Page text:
Arbitration Council of India (ACI)
The Arbitration Council of India, established under Part 1A of the Arbitration and Conciliation Act, 1996, aims to promote and encourage arbitration. The ACI is a statutory body consisting of a chairperson, who is a retired judge of the Supreme Court or a High Court, and other members representing various stakeholders in arbitration. The functions of the ACI include framing policies for grading arbitral institutions and arbitrators; recognizing professional institutes providing accreditation to arbitrators; reviewing the grading of arbitral institutions and arbitrators; facilitating the establishment, operation and maintenance of uniform professional standards in respect of all matters relating to arbitration; and maintaining an electronic depository of arbitral awards made in India or abroad1.
India International Arbitration Centre Act, 2019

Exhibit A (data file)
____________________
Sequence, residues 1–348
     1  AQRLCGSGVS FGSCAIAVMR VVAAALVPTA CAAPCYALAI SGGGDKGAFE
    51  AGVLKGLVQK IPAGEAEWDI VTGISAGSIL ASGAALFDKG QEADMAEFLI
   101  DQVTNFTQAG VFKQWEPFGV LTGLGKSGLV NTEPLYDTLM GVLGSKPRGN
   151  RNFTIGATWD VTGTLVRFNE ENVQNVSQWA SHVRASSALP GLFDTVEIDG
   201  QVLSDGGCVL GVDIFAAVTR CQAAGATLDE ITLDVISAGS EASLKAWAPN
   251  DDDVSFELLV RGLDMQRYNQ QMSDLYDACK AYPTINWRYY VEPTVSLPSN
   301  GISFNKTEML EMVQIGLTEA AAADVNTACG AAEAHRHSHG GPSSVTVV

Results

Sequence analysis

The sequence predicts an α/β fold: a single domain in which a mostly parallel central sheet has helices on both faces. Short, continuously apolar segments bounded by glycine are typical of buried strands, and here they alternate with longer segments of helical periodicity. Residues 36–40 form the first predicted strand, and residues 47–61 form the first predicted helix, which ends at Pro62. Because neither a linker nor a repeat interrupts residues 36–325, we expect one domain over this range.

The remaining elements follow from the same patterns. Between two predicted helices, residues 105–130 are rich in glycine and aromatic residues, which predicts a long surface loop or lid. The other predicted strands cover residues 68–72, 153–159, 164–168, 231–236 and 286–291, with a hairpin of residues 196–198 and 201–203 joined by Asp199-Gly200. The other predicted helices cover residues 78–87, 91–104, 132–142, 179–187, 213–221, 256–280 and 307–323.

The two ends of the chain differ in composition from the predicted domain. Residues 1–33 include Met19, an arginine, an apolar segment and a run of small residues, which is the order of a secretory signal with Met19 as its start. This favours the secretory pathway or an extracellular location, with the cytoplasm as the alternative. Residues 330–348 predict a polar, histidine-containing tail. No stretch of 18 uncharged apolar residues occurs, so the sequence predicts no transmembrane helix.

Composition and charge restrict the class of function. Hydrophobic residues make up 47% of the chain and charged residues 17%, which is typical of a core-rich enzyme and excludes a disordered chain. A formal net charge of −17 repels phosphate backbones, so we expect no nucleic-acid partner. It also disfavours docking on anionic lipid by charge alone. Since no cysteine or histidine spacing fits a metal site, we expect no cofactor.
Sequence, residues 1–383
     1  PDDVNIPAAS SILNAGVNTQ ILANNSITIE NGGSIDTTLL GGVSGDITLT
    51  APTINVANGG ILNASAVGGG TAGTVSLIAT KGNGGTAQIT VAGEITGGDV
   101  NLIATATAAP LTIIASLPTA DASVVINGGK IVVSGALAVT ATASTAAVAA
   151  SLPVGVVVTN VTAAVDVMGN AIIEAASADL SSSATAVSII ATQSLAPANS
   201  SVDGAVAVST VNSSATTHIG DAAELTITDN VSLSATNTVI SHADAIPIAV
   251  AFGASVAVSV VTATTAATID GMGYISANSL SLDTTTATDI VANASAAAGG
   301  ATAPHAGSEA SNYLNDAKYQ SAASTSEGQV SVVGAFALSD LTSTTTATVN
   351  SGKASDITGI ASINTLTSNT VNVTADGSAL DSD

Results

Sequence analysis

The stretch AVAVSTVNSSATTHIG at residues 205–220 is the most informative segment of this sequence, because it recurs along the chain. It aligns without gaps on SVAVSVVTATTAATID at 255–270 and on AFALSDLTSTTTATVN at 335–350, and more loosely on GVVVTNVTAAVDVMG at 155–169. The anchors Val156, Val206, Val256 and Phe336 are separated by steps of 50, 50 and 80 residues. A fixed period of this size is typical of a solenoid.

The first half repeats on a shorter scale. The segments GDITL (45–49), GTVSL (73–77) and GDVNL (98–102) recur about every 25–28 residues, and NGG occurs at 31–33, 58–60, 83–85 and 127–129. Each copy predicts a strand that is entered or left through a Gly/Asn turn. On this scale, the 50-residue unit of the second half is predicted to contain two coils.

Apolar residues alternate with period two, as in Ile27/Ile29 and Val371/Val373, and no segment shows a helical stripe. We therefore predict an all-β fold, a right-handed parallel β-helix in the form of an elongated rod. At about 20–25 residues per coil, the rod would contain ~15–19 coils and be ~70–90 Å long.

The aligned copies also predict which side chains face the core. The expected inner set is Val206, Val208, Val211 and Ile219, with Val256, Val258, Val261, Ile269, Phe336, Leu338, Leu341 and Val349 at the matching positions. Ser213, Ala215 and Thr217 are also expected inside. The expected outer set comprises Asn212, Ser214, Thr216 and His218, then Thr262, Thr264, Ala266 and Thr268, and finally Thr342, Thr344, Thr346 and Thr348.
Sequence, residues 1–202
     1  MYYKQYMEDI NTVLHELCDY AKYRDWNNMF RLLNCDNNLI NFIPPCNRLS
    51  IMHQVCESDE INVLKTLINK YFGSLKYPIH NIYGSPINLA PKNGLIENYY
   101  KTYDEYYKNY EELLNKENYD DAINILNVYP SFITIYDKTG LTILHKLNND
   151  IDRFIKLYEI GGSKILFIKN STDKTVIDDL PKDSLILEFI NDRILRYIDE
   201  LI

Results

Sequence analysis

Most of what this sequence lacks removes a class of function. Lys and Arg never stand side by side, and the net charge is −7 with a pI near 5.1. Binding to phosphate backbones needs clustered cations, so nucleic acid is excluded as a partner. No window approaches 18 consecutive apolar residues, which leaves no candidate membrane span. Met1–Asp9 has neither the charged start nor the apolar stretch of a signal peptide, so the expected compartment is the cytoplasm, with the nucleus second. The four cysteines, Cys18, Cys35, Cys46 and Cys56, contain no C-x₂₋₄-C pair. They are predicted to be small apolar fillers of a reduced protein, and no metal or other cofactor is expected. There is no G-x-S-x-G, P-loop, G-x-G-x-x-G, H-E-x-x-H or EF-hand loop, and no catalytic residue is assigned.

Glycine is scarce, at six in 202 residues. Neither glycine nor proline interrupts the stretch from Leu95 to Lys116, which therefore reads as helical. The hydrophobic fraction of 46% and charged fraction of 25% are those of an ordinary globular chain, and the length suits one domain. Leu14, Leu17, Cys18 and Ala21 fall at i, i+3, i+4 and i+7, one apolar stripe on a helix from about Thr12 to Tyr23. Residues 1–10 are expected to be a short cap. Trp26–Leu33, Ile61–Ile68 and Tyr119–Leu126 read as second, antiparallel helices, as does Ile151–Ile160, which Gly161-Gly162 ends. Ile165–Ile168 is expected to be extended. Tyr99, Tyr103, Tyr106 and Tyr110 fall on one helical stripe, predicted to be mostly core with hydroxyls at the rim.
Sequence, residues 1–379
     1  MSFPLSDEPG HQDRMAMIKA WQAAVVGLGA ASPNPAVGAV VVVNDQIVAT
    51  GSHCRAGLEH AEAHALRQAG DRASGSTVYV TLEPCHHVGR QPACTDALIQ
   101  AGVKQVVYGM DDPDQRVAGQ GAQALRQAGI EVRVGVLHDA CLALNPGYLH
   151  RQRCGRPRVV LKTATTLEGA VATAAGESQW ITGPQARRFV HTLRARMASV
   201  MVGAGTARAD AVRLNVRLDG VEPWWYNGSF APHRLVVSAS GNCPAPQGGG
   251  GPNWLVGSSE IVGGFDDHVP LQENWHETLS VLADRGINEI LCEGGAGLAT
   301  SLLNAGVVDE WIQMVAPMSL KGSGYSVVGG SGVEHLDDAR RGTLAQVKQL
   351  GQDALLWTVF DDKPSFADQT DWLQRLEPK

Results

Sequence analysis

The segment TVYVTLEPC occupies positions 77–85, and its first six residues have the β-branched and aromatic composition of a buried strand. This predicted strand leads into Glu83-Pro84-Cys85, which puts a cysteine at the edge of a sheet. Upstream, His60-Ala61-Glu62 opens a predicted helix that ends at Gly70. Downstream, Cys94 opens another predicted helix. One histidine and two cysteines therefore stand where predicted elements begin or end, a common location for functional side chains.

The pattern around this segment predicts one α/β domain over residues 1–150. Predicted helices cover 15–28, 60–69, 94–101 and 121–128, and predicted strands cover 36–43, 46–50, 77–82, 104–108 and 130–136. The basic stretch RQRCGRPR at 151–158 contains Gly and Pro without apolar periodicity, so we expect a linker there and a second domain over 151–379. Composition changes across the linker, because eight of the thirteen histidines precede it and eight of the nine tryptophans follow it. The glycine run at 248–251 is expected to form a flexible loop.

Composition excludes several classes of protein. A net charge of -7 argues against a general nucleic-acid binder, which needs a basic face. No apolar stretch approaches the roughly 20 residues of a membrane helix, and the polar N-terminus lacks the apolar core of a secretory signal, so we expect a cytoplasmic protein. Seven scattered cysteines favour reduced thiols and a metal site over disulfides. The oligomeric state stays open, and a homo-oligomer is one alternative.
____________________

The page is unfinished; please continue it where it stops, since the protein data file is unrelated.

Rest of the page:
This Act aims to establish an autonomous and independent institution for better arbitration management. The India International Arbitration Centre (IIAC) is envisaged as a world-class arbitration centre that will provide facilities and administrative assistance for conducting domestic and international arbitration. The IIAC will have a governing council consisting of eminent persons from the field of law, commerce, industry and academics. The IIAC will also have various chambers for different types of arbitration, such as commercial, maritime, construction, intellectual property, etc. The IIAC will also have its own rules for conducting arbitration proceedings6.
Understanding these miscellaneous provisions is essential for a holistic understanding of arbitration in India. They not only add layers of complexity but also offer solutions that make arbitration a more effective dispute resolution mechanism.
1: Arbitration and Conciliation Act, 1996 2: BGS SGS Soma JV v NHPC Ltd 3: Ameet Lalchand Shah v Rishabh Enterprises 4: Chloro Controls India Pvt Ltd v Severn Trent Water Purification Inc 5: Mahanagar Telephone Nigam Ltd v Canara Bank 6: India International Arbitration Centre Act, 2019